The Legacy of James Foley, Panel Grapples with War Reporting

Panelists discussed countering propaganda and an accompanying art exhibition incorporating James Foley’s war photography.

The Puck Building at NYU Wagner displays the works of the late journalist James Foley. Foley was murdered by ISIS in 2014. (Staff photo by Nick Mead)

In 2014, American journalist James Foley was executed on tape by the Islamic State. The footage is one of the most broadly-circulated videos of an act of terror. On Tuesday, NYU Wagner hosted a panel focusing on Foley’s legacy while discussing the dangers of war zone journalism.

The panel, hosted at the Puck building, centered on war photography, media ethics and countering propaganda. After the panel, attendees viewed ‘Inescapable Truths’, an art exhibition made from one of Foley’s last rolls of camera film during his time reporting on Libya and Syria.

“This work isn’t about his death,” said Bradley McCallum, a panelist and the artist behind the exhibition. “It’s about acknowledging his life.”

McCallum said he was inspired to curate the exhibition after receiving a question during a seminar at Columbia University where he taught a seminar on the ethics of representing images. At the end of the seminar, the student asked what happens if a propaganda image goes viral, citing ‘A Message to America,’ the video the IS circulated of Foley’s execution. 

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“We didn’t have a chance to grapple with the importance of that question in an in-depth and appropriate way at that moment,” McCallum said at the panel. “I went home that night and googled Jim Foley, trying to look for the footage he took as a journalist, and what I found was a flood of images of his execution. It was very difficult to find the actual footage of his work. That felt profoundly wrong.”

The panel and exhibition represented a moral stand against the failure of the media to properly cover warfare in the Middle East, said Amanda Rogers, a panelist and Visiting Assistant Professor of Middle Eastern & Islamic Studies at Colgate University.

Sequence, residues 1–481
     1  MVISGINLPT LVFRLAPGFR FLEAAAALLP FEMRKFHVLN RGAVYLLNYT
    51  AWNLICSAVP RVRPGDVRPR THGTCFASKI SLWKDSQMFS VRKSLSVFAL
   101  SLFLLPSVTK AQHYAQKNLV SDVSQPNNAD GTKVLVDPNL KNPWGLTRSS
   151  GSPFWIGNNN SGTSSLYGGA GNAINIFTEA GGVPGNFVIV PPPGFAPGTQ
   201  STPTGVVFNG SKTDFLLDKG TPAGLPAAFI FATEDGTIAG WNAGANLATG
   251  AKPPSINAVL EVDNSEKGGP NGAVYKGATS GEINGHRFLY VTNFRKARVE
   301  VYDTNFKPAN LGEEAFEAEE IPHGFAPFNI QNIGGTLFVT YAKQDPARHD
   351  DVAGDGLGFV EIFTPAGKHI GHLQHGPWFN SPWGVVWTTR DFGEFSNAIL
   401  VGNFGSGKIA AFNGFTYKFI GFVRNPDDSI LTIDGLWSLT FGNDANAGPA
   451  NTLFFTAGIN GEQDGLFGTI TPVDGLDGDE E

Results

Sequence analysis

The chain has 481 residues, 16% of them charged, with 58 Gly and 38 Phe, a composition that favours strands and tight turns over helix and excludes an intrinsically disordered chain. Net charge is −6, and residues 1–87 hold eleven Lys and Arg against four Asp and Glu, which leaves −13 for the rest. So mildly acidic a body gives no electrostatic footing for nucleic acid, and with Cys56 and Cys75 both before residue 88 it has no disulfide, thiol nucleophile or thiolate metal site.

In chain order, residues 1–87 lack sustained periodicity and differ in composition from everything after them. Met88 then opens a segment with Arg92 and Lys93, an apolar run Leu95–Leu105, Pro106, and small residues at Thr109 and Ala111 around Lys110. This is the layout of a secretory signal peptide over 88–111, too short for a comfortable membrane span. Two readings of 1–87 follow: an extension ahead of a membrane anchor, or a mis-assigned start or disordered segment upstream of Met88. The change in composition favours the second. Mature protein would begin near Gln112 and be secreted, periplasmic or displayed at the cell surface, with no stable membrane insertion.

“I knew Jim Foley, and how much he would not have wanted to be the story that he has become,” Rogers said.

Rogers’ research centers around videos of the IS executions of journalists. Rogers said during the panel that their virality demonstrates a failure to counter-propaganda designed to stoke anger.

“[IS] had made these men a story and framed them in such a way that a particular audience watching them would cry for more war,” Rogers said. “This isn’t something Jim Foley would have wanted.”

Rogers expanded on her point, adding that strategic framing by the IS can have significant consequences.

“It’s important to understand the way people are being played by the framing of particular deaths … they were framed to incite endless warfare,” Rogers said. “He was a person just like all the nameless massacred citizens of Syria. No matter how much we love Jim, we can’t reduce him to a symbol.”

Jere Van Dyk, a journalist who survived a 45-day stint as a captive of the mujahideen — Muslim guerrilla fighters — spoke on the importance of this project.

“I lived with the mujahideen, disguised, for several months, “ Van Dyk said. “They always kept their word, until they didn’t. I, as a former kidnap victim who survived, feel an obligation and a responsibility to keep Jim’s name alive and what he stands for, what he did, and what he has become.”

Van Dyk met Diane Foley, James’ mother and founder of the James W. Foley Legacy Foundation, at the White House, where other survivors gathered to advise the President on the revision of U.S. hostage policy. He is now a board member of the Foundation and represented the organization in Ms. Foley’s stead.

The organization is dedicated to protecting the rights of journalists, advocating for the release of American hostages and teaching the importance of covering conflict and how to remain safe in the process.

“I’ve seen this four times now,” Van Dyk told WSN, pointing to one of McCallum’s artworks.

Multiple frames of Foley’s chaotic video footage, compiled into a single image, of a crowd gathering around the body of one of Muammar Gaddafi’s sons that was killed shortly after the conflict in Libya began.

A silkscreen painted by McCallum was draped in front of the composite image which showed a later moment in Foley’s tapes, where the body had been covered in a shroud and paid more respect.

“Each time I’ve seen it, it’s evolved,” Van Dyk said. “To me there’s a warmth to it, but it’s also a world of chaos, this is a world of danger, of death and suffering. So it’s not something I like, but it’s something I really, truly appreciate.”

Former NYU Journalism professor Joscelyn Jurich attended the event for the panel and stayed to view the gallery.

“I’m trying to figure it out,” Jurich said of McCallum’s artwork. “I’m not sure exactly what it is, but it’s almost like a film, a haze over each work and that I find to be provocative and I want to understand it ideologically and artistically, just how its been constructed.”

The exhibition will be open to the public on the second floor of the Puck building through the end of the semester.

“The story of how the images were acquired and the fact that this is Foley’s archive and all the stories that were explained tonight, initially, are more interesting than what I’ve seen of these images, but I also need to spend more time with them,” Jurich said.

Email Nick Mead at [email protected]

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